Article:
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Flax In The News
The Healing Power of Flax - with Grant Roberts
The Healing Power of Flax - with Grant Roberts
This book explains in layman's terms the many ways that flaxseed can help men and women.  
Grant Roberts

Flaxseed is one of the richest sources of lignans, a type of phytoestrogen. Phytoestrogens are a diverse group of plant-derived compounds that can interfere with estrogen metabolism in animals and humans. In fact, phytoestrogens may have contrary biological effects, exhibiting both estrogen and antiestrogen activity.

Lignans have numerous biological properties, including antimitotic, antifungal and antioxidant activities. Lignans from pine cones and the creosote bush have been shown to inhibit replication of the human immunodeficiency virus in vitro. A newlyidentified lignan, cinnamophilin, inhibits thromboxane synthase, which decreases thromboxane A2 production and thereby reduces platelet aggregation and vasoconstriction. Flaxseed and other lignans are currently being investigated for their anticancer properties.

What Are the Major Food Sources of Lignans?

Lignans are widely distributed in the plant kingdom, being found in most unrefined grains such as barley, buckwheat, millet, and oats; legumes such as soybeans; and some vegetables such as broccoli, carrots, cauliflower and spinach. The richest source of lignans is flaxseed. Flaxseed contains high levels of the plant lignan precursor, secoisolariciresinol diglycoside(SDG), and provides 75-800 times more plant lignans than most other foods found in vegetarian diets. Most flaxseed lignans are removed during processing and thus are not found in appreciable quantities in flaxseed oil.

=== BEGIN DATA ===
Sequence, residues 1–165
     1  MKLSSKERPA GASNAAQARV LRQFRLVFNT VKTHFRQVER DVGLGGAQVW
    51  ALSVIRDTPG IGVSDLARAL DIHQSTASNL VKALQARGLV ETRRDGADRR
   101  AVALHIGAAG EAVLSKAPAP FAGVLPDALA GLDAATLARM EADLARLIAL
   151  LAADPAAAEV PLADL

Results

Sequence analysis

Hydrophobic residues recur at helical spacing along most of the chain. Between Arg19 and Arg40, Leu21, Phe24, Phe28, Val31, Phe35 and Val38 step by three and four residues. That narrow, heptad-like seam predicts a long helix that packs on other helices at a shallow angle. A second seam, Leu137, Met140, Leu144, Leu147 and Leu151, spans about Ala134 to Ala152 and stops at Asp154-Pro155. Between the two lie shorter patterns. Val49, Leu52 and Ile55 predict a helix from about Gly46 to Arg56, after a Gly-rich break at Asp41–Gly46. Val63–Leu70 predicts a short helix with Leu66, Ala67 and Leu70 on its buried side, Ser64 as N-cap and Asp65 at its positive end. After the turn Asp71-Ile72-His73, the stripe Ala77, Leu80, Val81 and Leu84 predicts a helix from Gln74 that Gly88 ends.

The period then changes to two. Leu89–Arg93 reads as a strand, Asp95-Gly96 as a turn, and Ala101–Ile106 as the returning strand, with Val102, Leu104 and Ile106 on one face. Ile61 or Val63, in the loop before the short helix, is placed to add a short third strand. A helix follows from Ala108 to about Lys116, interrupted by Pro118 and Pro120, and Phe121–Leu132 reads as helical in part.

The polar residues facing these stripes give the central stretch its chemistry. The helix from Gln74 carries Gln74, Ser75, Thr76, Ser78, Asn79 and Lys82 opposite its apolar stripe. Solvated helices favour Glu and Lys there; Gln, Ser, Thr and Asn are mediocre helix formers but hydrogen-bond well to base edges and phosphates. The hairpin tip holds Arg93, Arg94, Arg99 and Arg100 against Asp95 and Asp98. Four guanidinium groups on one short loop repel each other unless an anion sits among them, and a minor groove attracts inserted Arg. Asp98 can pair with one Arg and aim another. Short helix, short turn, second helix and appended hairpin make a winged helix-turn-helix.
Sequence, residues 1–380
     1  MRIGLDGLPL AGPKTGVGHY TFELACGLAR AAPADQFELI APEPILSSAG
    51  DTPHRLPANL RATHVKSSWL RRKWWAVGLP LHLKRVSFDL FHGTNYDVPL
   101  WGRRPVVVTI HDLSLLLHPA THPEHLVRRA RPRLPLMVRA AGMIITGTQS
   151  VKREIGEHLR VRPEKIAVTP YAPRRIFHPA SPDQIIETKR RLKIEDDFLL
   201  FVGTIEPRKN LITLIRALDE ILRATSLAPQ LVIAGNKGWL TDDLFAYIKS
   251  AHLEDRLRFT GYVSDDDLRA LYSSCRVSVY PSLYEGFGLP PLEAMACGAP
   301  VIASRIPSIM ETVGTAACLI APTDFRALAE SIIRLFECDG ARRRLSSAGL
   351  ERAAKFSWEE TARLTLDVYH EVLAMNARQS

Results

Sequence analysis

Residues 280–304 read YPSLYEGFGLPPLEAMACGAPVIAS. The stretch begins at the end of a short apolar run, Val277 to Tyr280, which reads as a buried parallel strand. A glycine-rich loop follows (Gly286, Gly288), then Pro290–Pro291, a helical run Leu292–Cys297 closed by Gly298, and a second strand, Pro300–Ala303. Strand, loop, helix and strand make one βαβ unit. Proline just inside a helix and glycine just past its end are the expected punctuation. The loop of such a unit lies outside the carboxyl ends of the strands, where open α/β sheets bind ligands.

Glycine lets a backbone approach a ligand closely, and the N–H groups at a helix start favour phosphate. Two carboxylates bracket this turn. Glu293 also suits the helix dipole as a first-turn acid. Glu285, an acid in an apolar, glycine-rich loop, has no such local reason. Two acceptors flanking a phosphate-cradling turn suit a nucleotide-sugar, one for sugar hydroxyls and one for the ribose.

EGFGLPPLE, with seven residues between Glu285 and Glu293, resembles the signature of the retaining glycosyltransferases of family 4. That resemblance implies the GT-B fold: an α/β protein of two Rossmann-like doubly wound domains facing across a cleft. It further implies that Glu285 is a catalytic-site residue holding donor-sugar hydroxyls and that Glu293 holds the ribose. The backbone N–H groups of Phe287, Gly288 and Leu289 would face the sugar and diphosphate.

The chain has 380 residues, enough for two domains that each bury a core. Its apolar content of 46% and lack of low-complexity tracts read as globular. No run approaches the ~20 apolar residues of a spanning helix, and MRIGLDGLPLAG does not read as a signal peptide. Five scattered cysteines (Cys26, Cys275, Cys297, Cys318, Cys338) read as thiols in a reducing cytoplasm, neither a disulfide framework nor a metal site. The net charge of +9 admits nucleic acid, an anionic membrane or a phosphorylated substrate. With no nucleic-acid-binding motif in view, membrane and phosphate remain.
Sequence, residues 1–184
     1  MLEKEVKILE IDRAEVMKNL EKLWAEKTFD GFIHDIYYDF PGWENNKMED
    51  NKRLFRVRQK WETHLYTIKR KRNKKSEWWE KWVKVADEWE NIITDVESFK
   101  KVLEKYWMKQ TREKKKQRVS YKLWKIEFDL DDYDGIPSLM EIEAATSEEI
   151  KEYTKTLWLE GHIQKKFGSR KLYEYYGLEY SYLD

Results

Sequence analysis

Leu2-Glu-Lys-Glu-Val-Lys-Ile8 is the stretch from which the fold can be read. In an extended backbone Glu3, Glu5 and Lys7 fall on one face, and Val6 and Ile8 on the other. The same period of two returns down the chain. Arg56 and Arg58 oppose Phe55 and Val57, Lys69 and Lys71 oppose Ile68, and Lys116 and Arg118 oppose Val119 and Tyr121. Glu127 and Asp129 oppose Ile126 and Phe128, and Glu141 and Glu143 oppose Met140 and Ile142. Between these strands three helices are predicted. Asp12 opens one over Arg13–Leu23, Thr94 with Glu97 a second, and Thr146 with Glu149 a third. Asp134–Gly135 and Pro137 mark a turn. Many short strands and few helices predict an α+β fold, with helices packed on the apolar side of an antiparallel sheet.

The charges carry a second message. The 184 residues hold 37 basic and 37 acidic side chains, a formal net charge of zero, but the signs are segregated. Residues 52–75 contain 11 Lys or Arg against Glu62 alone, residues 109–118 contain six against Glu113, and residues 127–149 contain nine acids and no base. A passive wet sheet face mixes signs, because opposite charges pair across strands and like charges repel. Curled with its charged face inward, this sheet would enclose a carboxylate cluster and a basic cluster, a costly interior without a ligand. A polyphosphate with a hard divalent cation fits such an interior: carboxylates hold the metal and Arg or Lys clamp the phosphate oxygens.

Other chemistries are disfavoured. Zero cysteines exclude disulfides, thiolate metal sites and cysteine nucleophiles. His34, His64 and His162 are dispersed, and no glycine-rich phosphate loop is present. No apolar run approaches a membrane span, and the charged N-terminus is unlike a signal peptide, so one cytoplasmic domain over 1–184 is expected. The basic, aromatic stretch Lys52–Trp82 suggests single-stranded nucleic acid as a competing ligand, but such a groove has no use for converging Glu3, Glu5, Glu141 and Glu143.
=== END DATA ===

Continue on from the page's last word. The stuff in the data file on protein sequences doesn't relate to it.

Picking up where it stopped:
The Benefits of Flaxseed

Is flaxseed the new wonder food? Preliminary studies show that flaxseed may help fight everything from heart disease and diabetes to even breast cancer.

Flaxseed may be on everyone's lips -- and in everyone's cereal -- but this new darling of the plant world has been around for more than 4,000 years, known even in the days of Hippocrates for its healthful benefits.

Flaxseed has been a part of human and animal diets for thousands of years in Asia, Europe, and Africa, and more recently in North America and Australia, says Kaye Effertz, executive director of AmeriFlax, a trade promotion group representing U.S. flaxseed producers. As flax gained popularity for its industrial uses, however, its popularity as a food product waned, but it never lost its nutritional value. "Today flax is experiencing a renaissance among nutritionists, the health conscious public, food processors, and chefs alike," says Effertz.

The reason for the increasing interest in flaxseed is its apparent benefits for a host of medical conditions, says Roberta Lee, MD, medical director of the Center for Health and Healing at Beth Israel Deaconess Medical Center in New York.

Flaxseed is very high in omega-3 essential fatty acids, Lee explains. It's the omega 3s -- "good" fats -- that researchers are looking at in terms of their possible effects on lowering cholesterol, stabilizing blood sugar, lowering the risk of breast, prostate, and colon cancers, and reducing the inflammation of arthritis, as well as the inflammation that accompanies certain illnesses such as Parkinson's disease and asthma.